Safety beginners are quite often very confused about how Safety affects the hardware design and choice of components in the BOM. “Should I use ASIL certified Micro controllers, CAN transceivers, PMICs and switches in my ASIL program? What about the resistors and capacitors? Do we even have ASIL certified passives in the market?” they ask.
In this blog and next ones to come, we will clear the confusion surrounding “ASIL” certification and qualification of Hardware elements. We will cover several questions surrounding this topic.
This blog post will cover the following questions:
1. Background – How the ASIL certification for HW really started
2.Scope of ASIL Certification for HW – Which HW elements are expected to be ASIL Certified and which need not be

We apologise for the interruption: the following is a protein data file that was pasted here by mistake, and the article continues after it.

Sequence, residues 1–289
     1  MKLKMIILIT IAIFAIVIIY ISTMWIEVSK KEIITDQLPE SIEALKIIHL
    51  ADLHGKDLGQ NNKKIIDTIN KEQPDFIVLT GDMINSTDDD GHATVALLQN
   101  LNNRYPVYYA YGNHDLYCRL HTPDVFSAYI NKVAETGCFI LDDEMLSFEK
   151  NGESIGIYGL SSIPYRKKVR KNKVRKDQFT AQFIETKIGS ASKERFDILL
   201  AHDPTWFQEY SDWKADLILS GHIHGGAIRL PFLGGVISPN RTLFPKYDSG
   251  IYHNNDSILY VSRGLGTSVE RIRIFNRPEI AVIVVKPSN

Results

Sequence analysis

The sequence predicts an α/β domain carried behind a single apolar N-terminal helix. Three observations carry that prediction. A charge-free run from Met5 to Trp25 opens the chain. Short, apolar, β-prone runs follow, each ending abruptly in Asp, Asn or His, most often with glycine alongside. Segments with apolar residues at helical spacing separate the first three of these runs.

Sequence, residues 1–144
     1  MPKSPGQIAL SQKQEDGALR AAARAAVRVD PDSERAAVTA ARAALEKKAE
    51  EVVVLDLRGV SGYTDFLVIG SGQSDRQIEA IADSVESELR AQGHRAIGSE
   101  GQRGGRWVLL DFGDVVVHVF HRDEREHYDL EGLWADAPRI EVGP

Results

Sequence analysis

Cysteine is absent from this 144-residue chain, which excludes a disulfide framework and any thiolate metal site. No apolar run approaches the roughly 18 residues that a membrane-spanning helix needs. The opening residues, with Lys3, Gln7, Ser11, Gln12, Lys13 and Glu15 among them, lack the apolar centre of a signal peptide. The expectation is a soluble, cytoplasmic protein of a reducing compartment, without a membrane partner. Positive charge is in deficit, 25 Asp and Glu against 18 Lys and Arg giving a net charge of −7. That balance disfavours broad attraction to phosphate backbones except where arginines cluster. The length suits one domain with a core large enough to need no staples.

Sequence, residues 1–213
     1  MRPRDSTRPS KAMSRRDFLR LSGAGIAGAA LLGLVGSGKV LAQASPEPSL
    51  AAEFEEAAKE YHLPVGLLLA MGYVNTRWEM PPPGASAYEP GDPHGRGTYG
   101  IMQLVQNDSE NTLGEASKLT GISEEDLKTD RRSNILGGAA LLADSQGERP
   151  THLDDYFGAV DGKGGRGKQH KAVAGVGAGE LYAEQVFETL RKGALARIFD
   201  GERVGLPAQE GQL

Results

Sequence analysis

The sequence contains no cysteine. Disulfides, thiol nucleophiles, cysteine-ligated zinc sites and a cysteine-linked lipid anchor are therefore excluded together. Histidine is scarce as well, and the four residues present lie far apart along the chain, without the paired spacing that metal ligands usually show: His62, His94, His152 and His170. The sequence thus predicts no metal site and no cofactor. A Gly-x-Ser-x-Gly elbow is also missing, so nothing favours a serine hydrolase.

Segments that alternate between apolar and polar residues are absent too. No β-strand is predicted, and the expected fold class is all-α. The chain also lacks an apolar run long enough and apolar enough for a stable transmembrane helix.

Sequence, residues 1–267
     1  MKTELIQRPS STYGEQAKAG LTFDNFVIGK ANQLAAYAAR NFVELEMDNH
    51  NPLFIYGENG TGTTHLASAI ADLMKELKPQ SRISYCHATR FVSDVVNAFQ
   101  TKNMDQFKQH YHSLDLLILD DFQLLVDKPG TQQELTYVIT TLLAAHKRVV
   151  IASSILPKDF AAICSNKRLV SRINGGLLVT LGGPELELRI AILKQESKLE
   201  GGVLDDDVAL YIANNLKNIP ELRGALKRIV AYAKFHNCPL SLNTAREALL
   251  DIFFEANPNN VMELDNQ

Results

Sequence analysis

Background – How the ASIL certification for HW really started
Scope of ASIL Certification for HW – Which HW elements are expected to be ASIL Certified and which need not be
- Typically, all HW elements used in an Automotive application are qualified according to world-wide quality standards such as AEC-Q100 or AEC-Q200. This ensures that the HW element has a sufficiently high quality and performance.
- The Class I and Class II HW elements do not provide any safety mechanisms by itself. The failures of these HW elements can be detected by implementing Safety mechanisms in the System in which it is used. The HW elements can also be sufficiently tested in the System in which they are used.
- The failure modes of Class I elements and many Class II elements are similar irrespective of the supplier, and these modes and its distribution can be picked up from hardware failure mode libraries like the MIL Standard library and IEC failure mode library. For e.g., here is a snippet from the MIL Standard library that shows the failure modes and distribution for different types of resistors. Immaterial of the supplier of the resistor, these remain the same.